Mizgerd and his team did not look into which immune components may be responsible for an endemic coronavirus influencing a person’s immune response to SARS-CoV-2. This is something that immunologist Dennis Burton at the Scripps Research Institute in La Jolla, California, and his colleagues have investigated.
Since the start of the pandemic, they have been interested in whether pre-existing immune responses to seasonal coronaviruses could influence antibody responses to SARS-CoV-2. In a study published in September as a preprint on bioRxiv, Burton and colleagues compared serum antibodies and antibody-producing B cells from 36 donors sampled prior to the pandemic to see whether those antibodies reacted with the spike protein from the new pandemic virus. Very few antibodies from before the pandemic reacted to SARS-CoV-2, the team found. The vast majority did not bind strongly to the new virus, although they did identify one antibody that could neutralize SARS-CoV-2.
The group also detected memory B cells in blood samples from before the pandemic that were turned on by the presence of SARS-CoV-2. This activation triggered them to make antibodies that reacted against some proteins made by SARS-CoV-2. “That would suggest that there is some cross reactivity there,” says Burton.
A recent Science study reported that 5 percent of 302 adults and 43 percent of 48 children had antibodies that reacted against certain proteins produced by SARS-CoV-2. Children are more prone to common cold coronavirus infections, perhaps explaining why they might harbor such antibodies, and why they suffer less severe COVID-19 symptoms.
“We do not know yet if the presence of such antibodies modifies the risk of becoming infected or the severity of disease,” senior author George Kassiotis at the Francis Crick Institute in London explains by email. There are conserved parts of the S2 peptide of the spike protein, such as the fusion peptide, in most coronaviruses “that are targeted by such cross-reactive and potentially cross-protective antibodies,” Kassiotis notes. This “may hold promise for a universal vaccine protecting against current, as well as future CoVs,” the authors write in their Science paper.
Kassiotis says that concerns that “antibody immunity might be short-lived have now been allayed” by recent studies and adds that even if antibodies fell below detectable levels, “the cells that made them will still be there and will respond faster and better to re-infection.”
Antibodies and B cells are part of only one aspect of our immune memory to viruses. Multiple investigations since the beginning of the pandemic have suggested that between 20 percent and 50 percent of people who had never encountered SARS-CoV-2 had T cells that nevertheless seemed to react against peptides from this virus, as noted recently in a Science paper.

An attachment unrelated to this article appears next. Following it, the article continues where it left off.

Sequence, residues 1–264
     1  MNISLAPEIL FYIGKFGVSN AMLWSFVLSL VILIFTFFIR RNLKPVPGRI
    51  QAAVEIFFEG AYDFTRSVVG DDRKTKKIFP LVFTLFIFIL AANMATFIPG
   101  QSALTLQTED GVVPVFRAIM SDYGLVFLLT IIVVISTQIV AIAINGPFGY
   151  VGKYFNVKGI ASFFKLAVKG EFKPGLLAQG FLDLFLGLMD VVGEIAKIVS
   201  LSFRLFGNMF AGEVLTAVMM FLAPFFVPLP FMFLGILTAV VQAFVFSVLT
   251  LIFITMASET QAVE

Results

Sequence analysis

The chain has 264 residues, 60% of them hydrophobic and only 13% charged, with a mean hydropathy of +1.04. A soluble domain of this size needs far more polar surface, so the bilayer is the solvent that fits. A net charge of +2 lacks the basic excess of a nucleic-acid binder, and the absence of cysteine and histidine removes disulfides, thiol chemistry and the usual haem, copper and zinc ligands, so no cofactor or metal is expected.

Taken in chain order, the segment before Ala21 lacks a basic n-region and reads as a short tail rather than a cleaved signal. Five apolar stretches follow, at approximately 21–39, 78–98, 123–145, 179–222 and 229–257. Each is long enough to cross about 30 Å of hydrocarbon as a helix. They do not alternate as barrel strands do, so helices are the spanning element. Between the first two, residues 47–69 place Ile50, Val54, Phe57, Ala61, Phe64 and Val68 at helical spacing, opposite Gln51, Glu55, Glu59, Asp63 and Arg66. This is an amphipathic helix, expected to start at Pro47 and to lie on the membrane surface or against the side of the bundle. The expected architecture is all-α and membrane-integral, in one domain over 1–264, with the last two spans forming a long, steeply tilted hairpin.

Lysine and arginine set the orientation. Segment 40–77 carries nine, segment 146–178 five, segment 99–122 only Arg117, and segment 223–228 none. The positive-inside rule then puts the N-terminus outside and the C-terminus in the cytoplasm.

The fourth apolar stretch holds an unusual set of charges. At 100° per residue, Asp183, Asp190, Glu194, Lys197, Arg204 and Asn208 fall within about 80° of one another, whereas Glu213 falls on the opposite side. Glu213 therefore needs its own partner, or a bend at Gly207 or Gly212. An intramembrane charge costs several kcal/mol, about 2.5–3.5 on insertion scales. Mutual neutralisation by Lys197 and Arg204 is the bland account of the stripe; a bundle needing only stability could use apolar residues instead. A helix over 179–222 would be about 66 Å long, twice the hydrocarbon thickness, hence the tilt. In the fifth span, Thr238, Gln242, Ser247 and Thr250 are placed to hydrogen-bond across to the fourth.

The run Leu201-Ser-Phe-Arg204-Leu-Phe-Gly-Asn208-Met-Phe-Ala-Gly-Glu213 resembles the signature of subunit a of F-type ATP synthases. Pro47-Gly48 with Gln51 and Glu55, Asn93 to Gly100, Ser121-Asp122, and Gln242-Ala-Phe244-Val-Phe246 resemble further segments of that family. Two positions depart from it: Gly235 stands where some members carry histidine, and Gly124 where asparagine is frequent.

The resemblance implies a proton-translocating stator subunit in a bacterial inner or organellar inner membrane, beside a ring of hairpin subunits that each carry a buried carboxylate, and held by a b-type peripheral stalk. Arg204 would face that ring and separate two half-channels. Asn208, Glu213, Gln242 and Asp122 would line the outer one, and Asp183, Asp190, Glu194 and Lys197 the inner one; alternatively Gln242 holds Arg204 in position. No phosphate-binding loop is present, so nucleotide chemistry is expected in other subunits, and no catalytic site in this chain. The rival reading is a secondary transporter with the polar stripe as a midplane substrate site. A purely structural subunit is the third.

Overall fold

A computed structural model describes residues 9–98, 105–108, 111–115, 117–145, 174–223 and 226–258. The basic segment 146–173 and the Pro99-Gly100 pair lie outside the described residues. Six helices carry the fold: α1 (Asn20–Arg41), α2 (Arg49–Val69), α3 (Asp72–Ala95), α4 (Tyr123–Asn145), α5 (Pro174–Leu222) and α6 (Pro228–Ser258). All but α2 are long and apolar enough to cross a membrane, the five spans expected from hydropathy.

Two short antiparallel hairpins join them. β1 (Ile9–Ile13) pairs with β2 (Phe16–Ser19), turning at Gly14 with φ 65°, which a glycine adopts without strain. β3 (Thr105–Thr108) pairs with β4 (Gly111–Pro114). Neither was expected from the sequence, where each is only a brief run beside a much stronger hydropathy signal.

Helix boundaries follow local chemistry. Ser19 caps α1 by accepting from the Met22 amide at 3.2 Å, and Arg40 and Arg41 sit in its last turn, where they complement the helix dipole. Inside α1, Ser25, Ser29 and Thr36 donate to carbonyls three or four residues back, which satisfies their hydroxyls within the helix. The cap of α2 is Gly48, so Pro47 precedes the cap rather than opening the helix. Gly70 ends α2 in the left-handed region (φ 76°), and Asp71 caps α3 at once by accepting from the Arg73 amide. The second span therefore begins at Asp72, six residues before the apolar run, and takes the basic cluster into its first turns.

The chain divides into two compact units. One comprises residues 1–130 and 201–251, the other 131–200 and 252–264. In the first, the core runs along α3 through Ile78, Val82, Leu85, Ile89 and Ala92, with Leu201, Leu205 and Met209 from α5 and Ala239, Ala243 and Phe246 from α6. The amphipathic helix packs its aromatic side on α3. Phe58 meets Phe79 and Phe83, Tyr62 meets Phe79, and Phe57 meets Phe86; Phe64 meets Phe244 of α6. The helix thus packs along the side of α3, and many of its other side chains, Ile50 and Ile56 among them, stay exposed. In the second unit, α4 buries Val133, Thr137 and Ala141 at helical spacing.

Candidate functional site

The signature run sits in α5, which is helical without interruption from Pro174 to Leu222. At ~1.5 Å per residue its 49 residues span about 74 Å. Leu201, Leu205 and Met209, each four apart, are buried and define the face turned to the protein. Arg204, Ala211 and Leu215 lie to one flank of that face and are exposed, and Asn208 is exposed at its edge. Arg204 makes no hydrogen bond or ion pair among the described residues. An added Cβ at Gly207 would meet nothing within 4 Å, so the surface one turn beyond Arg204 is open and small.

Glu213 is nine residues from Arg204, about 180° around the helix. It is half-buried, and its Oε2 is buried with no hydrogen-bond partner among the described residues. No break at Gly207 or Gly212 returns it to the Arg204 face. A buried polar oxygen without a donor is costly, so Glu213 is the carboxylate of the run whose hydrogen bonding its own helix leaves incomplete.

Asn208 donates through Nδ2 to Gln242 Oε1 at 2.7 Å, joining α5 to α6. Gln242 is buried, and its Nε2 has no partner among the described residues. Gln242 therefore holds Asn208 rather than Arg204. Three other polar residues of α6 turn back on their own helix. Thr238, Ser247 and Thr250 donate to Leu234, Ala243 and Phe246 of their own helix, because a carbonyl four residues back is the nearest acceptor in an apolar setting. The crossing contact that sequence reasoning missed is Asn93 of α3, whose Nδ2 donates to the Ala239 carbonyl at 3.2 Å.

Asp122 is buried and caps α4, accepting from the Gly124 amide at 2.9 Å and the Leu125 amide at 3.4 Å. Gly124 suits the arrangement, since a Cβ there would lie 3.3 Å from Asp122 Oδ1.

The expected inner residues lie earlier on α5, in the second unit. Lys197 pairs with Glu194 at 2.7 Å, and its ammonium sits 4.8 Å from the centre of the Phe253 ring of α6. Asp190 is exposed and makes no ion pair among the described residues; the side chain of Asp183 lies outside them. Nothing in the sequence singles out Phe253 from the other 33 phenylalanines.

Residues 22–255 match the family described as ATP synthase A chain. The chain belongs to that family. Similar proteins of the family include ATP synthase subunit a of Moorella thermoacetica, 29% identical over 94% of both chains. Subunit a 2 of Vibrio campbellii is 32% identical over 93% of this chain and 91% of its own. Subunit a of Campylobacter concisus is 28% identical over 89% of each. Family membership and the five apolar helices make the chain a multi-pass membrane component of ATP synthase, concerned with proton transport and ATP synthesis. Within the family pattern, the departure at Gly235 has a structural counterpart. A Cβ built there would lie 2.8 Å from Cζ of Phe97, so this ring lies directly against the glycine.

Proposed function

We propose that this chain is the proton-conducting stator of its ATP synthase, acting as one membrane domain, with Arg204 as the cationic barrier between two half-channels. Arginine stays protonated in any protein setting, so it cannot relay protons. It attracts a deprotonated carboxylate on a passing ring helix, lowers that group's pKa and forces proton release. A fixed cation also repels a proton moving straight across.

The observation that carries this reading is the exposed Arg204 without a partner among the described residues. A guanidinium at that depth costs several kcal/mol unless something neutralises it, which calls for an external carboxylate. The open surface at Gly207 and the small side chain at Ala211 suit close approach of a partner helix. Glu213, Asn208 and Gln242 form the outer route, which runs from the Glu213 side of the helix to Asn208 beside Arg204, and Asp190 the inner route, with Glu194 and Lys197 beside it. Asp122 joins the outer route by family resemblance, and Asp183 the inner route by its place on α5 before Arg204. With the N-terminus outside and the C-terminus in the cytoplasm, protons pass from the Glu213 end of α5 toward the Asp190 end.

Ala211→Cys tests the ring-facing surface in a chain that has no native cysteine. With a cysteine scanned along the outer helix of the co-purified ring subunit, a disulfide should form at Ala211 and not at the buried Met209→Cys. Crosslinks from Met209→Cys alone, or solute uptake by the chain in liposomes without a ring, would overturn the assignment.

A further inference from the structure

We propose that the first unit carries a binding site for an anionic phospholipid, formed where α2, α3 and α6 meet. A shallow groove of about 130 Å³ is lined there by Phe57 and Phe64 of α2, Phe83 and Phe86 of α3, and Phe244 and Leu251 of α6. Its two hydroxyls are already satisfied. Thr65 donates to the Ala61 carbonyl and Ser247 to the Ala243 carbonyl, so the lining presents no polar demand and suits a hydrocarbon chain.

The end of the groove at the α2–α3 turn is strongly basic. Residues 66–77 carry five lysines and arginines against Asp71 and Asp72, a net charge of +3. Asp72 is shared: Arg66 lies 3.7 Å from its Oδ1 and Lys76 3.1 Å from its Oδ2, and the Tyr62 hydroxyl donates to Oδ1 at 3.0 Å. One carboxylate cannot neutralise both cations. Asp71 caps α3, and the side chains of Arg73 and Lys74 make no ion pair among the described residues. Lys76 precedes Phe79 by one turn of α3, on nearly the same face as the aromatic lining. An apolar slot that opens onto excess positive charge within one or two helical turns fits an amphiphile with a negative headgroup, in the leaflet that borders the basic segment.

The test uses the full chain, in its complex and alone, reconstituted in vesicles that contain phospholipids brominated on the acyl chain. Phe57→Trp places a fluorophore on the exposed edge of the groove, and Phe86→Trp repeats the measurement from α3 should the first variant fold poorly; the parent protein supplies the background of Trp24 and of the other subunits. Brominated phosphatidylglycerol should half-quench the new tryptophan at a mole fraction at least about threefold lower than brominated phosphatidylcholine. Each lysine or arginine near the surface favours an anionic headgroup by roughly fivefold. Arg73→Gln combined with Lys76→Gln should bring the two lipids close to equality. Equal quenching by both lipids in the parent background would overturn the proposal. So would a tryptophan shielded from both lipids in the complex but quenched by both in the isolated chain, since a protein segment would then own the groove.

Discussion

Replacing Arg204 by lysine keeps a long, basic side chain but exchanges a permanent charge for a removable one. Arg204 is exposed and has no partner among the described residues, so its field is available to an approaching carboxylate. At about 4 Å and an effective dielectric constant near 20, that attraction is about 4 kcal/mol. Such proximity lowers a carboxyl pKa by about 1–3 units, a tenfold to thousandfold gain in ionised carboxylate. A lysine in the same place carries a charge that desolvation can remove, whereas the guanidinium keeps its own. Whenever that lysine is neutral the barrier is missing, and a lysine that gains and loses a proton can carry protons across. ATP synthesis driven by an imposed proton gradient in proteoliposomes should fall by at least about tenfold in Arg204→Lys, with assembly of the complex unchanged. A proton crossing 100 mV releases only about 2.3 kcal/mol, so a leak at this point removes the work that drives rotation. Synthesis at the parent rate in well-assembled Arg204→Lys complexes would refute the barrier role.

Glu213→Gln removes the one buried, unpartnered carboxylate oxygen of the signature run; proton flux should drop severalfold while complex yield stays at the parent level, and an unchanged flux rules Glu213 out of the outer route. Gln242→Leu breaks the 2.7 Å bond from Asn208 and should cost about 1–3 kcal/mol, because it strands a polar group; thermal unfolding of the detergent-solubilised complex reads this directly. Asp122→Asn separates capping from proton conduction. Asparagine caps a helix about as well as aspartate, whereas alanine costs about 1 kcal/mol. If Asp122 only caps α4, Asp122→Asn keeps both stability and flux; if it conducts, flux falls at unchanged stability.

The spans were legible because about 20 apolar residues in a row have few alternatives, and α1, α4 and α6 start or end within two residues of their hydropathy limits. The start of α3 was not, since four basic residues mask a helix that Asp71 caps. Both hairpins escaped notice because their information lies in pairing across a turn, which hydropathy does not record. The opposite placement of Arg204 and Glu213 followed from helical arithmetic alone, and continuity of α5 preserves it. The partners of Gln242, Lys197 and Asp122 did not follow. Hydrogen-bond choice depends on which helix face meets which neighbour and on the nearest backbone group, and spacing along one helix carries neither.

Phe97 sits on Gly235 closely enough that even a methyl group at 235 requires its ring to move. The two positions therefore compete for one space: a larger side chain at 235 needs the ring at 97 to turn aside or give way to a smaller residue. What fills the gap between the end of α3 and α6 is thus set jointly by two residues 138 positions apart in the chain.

In another study in Nature, researchers in Singapore identified memory T cells in patients who had recovered from SARS back in 2003. These were reactive to proteins from SARS-CoV-2, supporting the idea that T cell memory from infections with human coronaviruses may play a role in the response to an infection with the new pandemic virus.
An additional study recently published in Science used human blood samples from before the pandemic to locate parts of SARS-CoV-2 that stimulated existing T cells. The study found a range of memory T cells that could react to both the new virus and to the four common cold coronaviruses, again suggesting that existing T cells against common coronaviruses could play a role in the immune response to SARS-CoV-2 in some patients.
Immunologist Stanley Perlman of the University of Iowa who was not involved in any of these studies says that “everybody should have memory B cells against common cold coronaviruses.” We may also have memory T cells that remember these viruses and perhaps help with fighting SAR-CoV-2. However, Perlman emphasized that the implication of this for COVID-19 “is still a work in progress.”
Burton says he hopes to dig into a molecular understanding of the cross-reactivity of antibodies, which might help design a vaccine against not just SARS-CoV-2, but common cold coronaviruses too. These viruses usually cause mild symptoms, but not always.
“A cross-protective vaccine that protects against SARS-CoV-2 plus the endemic coronaviruses would be a really great boon,” says Sagar. “These coronaviruses are causes of the common cold, but they are also really important causes of pneumonia, pneumonia hospitalizations, and pneumonia deaths.”